2013, Capstone Press
Pages: 88
Ages: 8+




53. The Joker Virus by Scott Peterson. Illustrated by Mike Cavallaro (5/5)

(US) - (Canada)

This series already has a large selection of Batman books but new this year is the sub series "The Dark Knight".  I was quite impressed with this book.  First, I'll start by saying I hate the Joker, and the childish comical way he is usually portrayed in anything aimed at kids makes me hate him even more as a character.  However, Peterson has written a delightfully dark story here deserving of "The Dark Knight"'s time.  The Joker is mean, nasty, hates kids and even "sadistic".  This is a page turning story featuring Tim Drake as Robin and will be highly enjoyed by kids who are gamers when they find out that gaming plays a major role in the theme.







54. Cat Commander by J.E. Bright. Illustrated by Luciano Vecchio (4/5)

(US) - (Canada)

I do like these new entries replacing the "Batman" seq…

49. That Boy Red by Rachna Gilmore

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That Boy Red by Rachna Gilmore (5/5)


Apr. 4, 2011, Harper Trophy Canada, 208 pgs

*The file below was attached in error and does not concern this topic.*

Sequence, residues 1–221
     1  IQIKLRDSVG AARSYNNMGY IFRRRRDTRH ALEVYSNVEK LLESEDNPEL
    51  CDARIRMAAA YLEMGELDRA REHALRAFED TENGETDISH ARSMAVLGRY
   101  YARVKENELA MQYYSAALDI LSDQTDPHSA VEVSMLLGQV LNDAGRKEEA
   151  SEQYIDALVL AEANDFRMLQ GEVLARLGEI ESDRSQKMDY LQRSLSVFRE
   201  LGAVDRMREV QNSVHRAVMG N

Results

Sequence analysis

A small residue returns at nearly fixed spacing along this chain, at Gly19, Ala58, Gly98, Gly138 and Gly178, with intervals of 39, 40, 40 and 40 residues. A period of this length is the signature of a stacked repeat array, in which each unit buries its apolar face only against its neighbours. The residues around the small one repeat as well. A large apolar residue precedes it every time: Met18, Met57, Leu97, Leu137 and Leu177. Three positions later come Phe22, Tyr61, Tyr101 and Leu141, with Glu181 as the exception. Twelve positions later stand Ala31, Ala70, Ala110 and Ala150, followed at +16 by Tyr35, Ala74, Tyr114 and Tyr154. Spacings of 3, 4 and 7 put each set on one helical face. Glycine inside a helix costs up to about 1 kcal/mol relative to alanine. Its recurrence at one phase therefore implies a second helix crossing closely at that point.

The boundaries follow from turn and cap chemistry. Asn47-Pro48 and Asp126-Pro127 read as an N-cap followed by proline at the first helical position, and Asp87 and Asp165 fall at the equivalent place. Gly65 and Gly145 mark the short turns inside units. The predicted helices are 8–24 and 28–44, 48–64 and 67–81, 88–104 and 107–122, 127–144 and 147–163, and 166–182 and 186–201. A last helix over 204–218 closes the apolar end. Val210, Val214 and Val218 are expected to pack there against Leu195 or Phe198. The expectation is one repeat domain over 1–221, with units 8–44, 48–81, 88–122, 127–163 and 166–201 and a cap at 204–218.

Ages: 9+
(US - Kindle Only) - (Canada) - (Kindle)

"It’s the Depression, but Red’s family is managing better than most on their Prince Edward Island farm. Hard working and resourceful, they have enough to eat and to help others, even if at times they are mocked by their neighbours for putting education ahead of farm work. Eleven-year-old Red has plenty of chores around the farm, and the days can be long, but he still gets the odd break to go swimming or fishing, provided his homework is done. Red’s older sister, Ellen, teaches at the local school, and if Red doesn’t shine, she will not only punish him, but also make sure their parents hear about it.But then Red’s father’s hand is seriously injured and the family’s situation looks dire. Red steps up to the challenge, finishing the tobacco boxes that his father makes and helping shovel out a train stuck in the snow. Stubborn and even pigheaded, Red does …

48. A Question of Identity by Susan Hill

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A Question of Identity by Susan Hill (4.5/5)
Simon Serrailler, #7